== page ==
Thoughts come to mind last night and this morning, on books, reading, writing.
Read recently that in ancient times almost all reading was done aloud. I think it was probably done more slowly too. It was a group activity, communal. Non-isolating. Nice. I imagine that the reading part of things felt group-ey and cozy, and then, afterward, the individual’s thought processes, going on alone and in privacy in the person’s head, the cogitations ABOUT what had been read, felt complementary and a fruitful offshoot from the communal reading experience. Verbal processors would also have felt free to discuss together with others the readings that had taken place, even down to quoting and dissecting exact phrases and words.
Looking at the timeline in the front of my Bible this morning I see that papyrus to make paper and ink for writing were discovered by the Egyptians as long ago as 2500 B.C. The first libraries then appeared! I love a good library. Have one on my Kindle, these days…
Six years old, my whole remembered world France and Sakbayeme, makabo soup with liquid Maggi sprinkled on top for dinner, hot boiled eggs in Mom’s 50s’style, individualized breakfast egg cups (it was 1963), and climbing in the guava trees with my African playmates.
We’d stepped off the airplane in Pittsburgh, Pennsylvania and been driven home to Grandma’s house, where we would live for the first few weeks of my parents’ first home assignment, from Africa.
Got out of the car, Grandma walks down the porch steps and out over the grass, past the hollyhocks (hock dollies to my blonde baby sister, later) approaches and gives me a hug! Her long, thin, shiny, pure bluish-white hair is pulled up on top of her head in a puffed-out tiny knot, 20’s suffragette-style. She has a crisp, ironed cotton button-down dress. She smells like fresh laundry.
There’s a pretty mama cat on the broken porch step with two half-grown kittens nearby, strolling and watching ; my sister and I rush up to them and start talking to and petting; Dad cautions us to be careful, they might bite, he says.
We all move slowly up to the porch, little by little, Mom and Dad and Grandma talking the whole way and us three little kids darting excitedly around, touching things, but staying close. In through the creaky old screen door, the small country kitchen with even smaller scullery, from almost a hundred years ago even at that time, beckons. Mom is lingering a minute on the porch, exclaiming over the fragrance and looks of the blossom-laden lilac bushes; Dad is wrestling our suitcases in to the house. Grandma is giving me another hug, and exclaiming over what she is calling my “beautiful ‘shiny copper penney’ HAIR.” I am feeling so loved, so content, and so excited about our new home with my GRANDMA.
It was a long school vacation time. Our next-door-neighbor family was going away to the seashore for two weeks of yearly holiday. The mom came up to me and asked me if I would like to earn a little pocket money daily feeding and also daily walking, on the end of his chain, their pet “baby” gorilla.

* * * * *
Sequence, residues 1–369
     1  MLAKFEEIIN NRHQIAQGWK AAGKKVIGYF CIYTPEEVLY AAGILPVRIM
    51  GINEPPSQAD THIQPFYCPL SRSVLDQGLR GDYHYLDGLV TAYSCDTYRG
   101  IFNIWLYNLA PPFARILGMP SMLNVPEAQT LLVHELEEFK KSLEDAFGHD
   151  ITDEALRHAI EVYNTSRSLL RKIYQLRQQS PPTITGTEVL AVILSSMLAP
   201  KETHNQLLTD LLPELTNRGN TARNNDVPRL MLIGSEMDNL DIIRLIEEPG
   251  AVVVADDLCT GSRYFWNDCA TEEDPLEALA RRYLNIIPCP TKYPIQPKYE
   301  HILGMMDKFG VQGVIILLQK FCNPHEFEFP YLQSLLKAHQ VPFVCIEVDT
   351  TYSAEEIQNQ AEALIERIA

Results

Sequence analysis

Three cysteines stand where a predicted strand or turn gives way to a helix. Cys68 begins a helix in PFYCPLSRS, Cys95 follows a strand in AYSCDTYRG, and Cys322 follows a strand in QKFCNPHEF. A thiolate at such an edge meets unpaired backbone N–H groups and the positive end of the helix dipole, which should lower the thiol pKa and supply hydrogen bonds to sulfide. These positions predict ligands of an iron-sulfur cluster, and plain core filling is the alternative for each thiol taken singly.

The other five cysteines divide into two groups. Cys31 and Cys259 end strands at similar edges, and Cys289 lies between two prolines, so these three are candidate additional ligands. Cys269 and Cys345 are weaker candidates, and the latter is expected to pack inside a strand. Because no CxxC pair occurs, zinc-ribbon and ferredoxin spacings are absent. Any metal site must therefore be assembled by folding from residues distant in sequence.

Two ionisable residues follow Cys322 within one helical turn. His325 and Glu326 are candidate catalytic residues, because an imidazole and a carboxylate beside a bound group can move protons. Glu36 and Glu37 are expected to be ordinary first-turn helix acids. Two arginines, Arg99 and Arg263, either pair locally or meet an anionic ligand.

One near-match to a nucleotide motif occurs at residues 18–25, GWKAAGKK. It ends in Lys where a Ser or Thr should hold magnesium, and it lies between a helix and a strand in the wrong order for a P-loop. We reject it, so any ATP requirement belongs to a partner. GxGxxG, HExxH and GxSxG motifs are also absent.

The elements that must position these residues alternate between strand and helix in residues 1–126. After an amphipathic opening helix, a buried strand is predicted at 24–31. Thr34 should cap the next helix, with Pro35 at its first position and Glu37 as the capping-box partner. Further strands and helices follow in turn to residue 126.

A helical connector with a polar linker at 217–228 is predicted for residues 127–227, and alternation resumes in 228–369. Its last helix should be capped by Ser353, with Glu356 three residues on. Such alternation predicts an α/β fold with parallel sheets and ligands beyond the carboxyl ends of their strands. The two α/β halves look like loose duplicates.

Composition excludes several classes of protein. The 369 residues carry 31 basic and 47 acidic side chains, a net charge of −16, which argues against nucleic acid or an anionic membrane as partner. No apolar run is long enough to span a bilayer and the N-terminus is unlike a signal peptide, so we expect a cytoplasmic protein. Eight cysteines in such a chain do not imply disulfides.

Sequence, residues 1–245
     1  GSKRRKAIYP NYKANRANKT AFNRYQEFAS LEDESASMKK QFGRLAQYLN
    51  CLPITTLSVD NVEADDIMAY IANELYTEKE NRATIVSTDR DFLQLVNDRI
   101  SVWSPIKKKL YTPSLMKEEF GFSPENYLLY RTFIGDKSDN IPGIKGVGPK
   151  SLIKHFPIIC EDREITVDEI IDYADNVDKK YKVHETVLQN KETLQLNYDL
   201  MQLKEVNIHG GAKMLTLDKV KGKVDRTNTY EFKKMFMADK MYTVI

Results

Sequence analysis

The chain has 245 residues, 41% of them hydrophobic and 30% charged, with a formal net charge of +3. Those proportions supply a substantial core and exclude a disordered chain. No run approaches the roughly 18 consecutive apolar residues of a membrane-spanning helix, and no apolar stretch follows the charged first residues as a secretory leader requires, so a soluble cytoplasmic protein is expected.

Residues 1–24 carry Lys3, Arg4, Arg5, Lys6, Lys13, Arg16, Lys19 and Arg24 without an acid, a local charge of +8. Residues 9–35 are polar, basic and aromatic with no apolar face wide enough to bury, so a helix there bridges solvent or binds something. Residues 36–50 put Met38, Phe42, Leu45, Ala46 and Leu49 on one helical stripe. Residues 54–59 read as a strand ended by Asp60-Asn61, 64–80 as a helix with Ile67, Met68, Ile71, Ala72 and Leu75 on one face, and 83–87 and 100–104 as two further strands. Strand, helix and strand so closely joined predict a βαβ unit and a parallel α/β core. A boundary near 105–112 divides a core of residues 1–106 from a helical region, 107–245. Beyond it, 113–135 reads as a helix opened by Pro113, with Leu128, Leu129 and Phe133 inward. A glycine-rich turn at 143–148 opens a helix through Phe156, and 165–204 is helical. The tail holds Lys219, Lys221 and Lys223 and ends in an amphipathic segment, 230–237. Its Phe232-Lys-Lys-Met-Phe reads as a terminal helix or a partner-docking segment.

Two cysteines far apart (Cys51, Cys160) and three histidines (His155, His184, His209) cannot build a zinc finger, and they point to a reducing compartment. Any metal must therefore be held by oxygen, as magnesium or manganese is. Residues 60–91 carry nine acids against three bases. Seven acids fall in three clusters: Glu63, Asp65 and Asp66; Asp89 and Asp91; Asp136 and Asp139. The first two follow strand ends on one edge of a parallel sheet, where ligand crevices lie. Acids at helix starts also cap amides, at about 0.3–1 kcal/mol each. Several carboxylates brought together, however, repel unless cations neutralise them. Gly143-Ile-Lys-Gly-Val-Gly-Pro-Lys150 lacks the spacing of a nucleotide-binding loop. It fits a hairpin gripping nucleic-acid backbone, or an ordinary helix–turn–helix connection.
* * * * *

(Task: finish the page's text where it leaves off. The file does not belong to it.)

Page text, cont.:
I happily said “yes” and received my instructions for my new responsibilities with conscientious attention. The particular “baby” gorilla in question was much loved by all the kids and teenagers, lived in a large chicken-wire cage/home in the neighbor family’s back yard, and had a general reputation for being tame. I was a fanatical animal lover, had several pets of my own, though none as exotic as a gorilla, and I thought I already had a great relationship with this tame gorilla.
Well! From the very first morning, the gorilla, who had been quietly growing from babyhood, and now was eight months old, (I wonder how old that would equivocate in people years?) demonstrated a HUGE mind of his own and, instead of walking pleasantly around the grassy yards on the end of his long metal chain, would PLANT himself in the grass and start getting mad at me, working himself up into a rage, then CHARGING me down the length of the chain, wrapping himself around my bony bare shins, and biting on my legs!
Maybe he was missing his family? Probably. Not that used to me, I guess. A few mornings of that and, I’m afraid poor Baby Gorilla didn’t get taken out each day for the rest of the two weeks! He got fed super well though.
The Prayer of the Tortoise
by Carmen Bernos de Gasztold
translated from French to English by Rumer Godden
Un peu de patience,
A little patience,
I am coming.
One must take nature as she is!
It was not I who made her!
I do not mean to criticize
this house on my back —
it has its points—
but You must admit, Lord,
it is heavy to carry!
let us hope that this double enclosure,
my shell and my heart,
will never be quite shut to You.
“For Our Children” by Amy Carmichael
Father, hear us, we are praying,
Hear the words our hearts are saying;
We are praying for our children.
Keep them from the powers of evil,
From the secret, hidden peril;
Father, hear us for our children.
From the whirlpool that would suck them,
From the treacherous quicksand, pluck them;
Father, hear us for our children.
From the worldling’s hollow gladness,
From the sting of faithless sadness,
Father, Father, keep our children.
Through life’s troubles waters steer them;
Through life’s bitter battle cheer them;
Father, Father, be Thou near them.
Read the language of our longing,
Read the wordless pleadings thronging,
Holy Father, for our children.